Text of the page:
The Ballad of Nat Turner

Robert Hayden
Language: English

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Versi di Robert Hayden (1913-1980), poeta e saggista afroamericano.
Nella raccolta "Selected Poems", pubblicata nel 1966
Tra il 1976 ed il 1978 Robert Hayden è stato il primo "negro" ad essere insignito del prestigioso riconoscimento nazionale di "Poeta Laureato".

Una poesia che non racconta della ribellione degli schiavi neri avvenuta nell'agosto del 1831 nella contea di Southampton, Virginia, ma dell'ardore visionario del suo "messia", lo schiavo letterato e predicatore Nat Turner (1800-1831), che tutti i neri chiamavano – non a caso – "Profeta". Nat Turner riteneva di aver ricevuto da Dio l'incarico di sradicare il male dal mondo, e il male era l'uomo bianco oppressore. Solo così avrebbe potuto avverarsi la Parola, che i primi sarebbero stati gli ultimi e gli ultimi i primi...

Nat Turner non finì crocifisso, ma impiccato. Non risorse, anche perchè il suo corpo fu smembrato e squartato. Non ricevette sepoltura nota ma - come spesso accadeva in passato, quando imperava la pseudoscienza fisiognomica – il presunto cranio del negro ribelle forse fu conservato, giungendo ai suoi discendenti solo nel 2016. Ma resta ancora da stabilire se davvero quel teschio sia quel che resta del vecchio Nat...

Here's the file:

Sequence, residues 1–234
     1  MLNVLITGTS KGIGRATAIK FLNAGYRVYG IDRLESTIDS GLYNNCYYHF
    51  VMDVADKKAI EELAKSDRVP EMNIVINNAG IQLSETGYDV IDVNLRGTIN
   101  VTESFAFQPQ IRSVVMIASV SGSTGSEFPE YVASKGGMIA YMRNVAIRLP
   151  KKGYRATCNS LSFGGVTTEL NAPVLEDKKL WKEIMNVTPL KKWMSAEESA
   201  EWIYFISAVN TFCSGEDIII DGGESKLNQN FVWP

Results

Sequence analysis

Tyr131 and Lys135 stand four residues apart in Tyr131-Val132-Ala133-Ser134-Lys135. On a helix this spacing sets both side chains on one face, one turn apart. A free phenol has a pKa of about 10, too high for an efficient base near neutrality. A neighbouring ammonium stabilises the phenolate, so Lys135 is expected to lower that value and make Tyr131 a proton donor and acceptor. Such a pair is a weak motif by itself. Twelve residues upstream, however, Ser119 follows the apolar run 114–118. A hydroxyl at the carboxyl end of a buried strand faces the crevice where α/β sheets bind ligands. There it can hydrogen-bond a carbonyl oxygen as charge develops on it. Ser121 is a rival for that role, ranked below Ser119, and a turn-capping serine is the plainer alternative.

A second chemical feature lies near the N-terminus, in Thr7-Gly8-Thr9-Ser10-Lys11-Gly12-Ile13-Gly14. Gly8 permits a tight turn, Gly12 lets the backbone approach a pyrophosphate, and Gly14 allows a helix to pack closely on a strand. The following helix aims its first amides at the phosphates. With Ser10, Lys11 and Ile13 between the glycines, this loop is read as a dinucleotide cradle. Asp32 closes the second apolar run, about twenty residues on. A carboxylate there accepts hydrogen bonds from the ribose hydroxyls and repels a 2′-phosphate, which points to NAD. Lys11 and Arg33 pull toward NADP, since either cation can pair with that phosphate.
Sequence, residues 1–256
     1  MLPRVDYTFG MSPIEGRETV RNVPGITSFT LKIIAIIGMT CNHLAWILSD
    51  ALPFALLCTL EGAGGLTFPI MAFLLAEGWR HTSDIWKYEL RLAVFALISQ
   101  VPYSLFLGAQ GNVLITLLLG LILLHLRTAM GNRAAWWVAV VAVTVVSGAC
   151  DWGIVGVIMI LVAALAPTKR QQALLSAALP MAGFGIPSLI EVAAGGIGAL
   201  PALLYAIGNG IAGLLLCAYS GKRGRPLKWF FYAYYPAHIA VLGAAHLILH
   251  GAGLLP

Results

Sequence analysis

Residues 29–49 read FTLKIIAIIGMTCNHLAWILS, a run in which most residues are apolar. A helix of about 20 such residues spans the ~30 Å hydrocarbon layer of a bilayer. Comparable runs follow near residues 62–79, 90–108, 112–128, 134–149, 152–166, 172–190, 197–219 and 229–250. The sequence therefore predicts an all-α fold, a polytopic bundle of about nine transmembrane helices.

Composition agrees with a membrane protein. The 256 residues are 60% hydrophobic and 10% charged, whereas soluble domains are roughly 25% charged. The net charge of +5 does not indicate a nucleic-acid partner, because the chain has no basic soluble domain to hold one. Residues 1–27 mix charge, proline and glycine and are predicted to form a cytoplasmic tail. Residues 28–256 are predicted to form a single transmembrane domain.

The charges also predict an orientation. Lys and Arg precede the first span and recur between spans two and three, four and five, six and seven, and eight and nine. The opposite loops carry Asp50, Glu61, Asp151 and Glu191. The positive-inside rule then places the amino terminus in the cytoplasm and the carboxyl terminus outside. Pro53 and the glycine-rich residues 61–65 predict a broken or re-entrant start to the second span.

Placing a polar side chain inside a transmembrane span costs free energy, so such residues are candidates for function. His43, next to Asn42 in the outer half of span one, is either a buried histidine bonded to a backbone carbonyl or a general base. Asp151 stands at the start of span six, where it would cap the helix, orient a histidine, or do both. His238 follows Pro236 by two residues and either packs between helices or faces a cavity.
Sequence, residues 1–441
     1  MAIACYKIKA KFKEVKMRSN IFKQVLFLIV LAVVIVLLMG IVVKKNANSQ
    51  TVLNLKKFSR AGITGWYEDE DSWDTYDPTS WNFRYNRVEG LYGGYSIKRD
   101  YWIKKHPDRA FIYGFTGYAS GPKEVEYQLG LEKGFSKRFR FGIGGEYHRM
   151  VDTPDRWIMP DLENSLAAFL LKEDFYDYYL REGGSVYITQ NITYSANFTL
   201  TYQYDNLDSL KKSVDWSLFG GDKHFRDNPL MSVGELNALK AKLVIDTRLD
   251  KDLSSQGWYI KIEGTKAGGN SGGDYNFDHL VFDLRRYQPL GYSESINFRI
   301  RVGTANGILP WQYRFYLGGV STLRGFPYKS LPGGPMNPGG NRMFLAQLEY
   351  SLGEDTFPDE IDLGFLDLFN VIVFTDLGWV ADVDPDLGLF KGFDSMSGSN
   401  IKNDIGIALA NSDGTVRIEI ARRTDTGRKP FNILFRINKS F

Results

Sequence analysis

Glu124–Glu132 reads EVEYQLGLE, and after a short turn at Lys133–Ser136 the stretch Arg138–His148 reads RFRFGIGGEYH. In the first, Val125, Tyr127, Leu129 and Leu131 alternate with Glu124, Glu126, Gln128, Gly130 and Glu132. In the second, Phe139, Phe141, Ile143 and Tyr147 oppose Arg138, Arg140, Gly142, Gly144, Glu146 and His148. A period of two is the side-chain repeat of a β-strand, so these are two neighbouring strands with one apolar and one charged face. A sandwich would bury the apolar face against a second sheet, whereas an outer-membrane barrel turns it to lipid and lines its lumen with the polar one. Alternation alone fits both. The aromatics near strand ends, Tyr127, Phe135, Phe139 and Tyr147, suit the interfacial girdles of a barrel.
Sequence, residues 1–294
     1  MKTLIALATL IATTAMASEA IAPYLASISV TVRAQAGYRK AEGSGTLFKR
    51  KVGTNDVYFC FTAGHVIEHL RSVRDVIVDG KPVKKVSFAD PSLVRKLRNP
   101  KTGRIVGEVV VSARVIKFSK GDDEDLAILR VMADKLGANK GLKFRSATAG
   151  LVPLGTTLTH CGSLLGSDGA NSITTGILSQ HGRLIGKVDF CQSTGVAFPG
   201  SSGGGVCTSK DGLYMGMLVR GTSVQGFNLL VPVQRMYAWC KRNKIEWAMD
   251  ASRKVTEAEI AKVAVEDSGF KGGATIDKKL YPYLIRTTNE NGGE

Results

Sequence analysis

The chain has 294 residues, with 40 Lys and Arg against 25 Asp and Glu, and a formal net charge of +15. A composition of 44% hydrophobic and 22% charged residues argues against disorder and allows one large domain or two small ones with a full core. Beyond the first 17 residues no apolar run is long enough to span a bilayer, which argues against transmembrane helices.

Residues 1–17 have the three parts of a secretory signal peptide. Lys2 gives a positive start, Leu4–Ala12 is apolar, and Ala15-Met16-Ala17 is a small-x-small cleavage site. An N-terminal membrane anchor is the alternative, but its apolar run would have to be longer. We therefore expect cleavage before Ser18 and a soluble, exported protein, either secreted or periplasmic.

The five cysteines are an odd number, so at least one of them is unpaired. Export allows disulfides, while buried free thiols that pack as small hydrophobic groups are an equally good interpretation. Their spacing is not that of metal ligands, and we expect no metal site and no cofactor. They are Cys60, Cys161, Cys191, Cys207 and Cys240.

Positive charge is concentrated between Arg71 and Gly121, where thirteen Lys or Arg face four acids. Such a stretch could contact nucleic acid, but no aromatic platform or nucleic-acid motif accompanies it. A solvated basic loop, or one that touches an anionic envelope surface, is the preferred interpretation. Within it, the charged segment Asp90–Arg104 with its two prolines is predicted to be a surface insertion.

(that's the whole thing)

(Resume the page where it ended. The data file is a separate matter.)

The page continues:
Then fled, O brethren, the wicked juba
and wandered wandered far
from curfew joys in the Dismal’s night.
Fool of St. Elmo’s fire

In scary night I wandered, praying,
Lord God my harshener,
speak to me now or let me die;
speak, Lord, to this mourner.

And came at length to livid trees
where Ibo warriors
hung shadowless, turning in wind
that moaned like Africa,

Their belltongue bodies dead, their eyes
alive with the anger deep
in my own heart. Is this the sign,
the sign forepromised me?

The spirits vanished. Afraid and lonely
I wandered on in blackness.
Speak to me now or let me die.
Die, whispered the blackness.

And wild things gasped and scuffled in
the night; seething shapes
of evil frolicked upon the air.
I reeled with fear, I prayed.

Sudden brightness clove the preying
darkness, brightness that was
itself a golden darkness, brightness
so bright that it was darkness.

And there were angels, their faces hidden
from me, angels at war
with one another, angels in dazzling
combat. And oh the splendor,

The fearful splendor of that warring.
Hide me, I cried to rock and bramble.
Hide me, the rock, the bramble cried. . . .
How tell you of that holy battle?

The shock of wing on wing and sword
on sword was the tumult of
a taken city burning. I cannot
say how long they strove,

For the wheel in a turning wheel which is time
in eternity had ceased
its whirling, and owl and moccasin,
panther and nameless beast

And I were held like creatures fixed
in flaming, in fiery amber.
But I saw I saw oh many of
those mighty beings waver,

Waver and fall, go streaking down
into swamp water, and the water
hissed and steamed and bubbled and locked
shuddering shuddering over

The fallen and soon was motionless.
Then that massive light
began a-folding slowly in
upon itself, and I

Beheld the conqueror faces and, lo,
they were like mine, I saw
they were like mine and in joy and terror
wept, praising praising Jehovah.

Oh praised my honer, harshener
till a sleep came over me,
a sleep heavy as death. And when
I awoke at last free

And purified, I rose and prayed
and returned after a time
to the blazing fields, to the humbleness.
And bided my time.

Contributed by Bernart Bartleby - 2020/10/26 - 18:10

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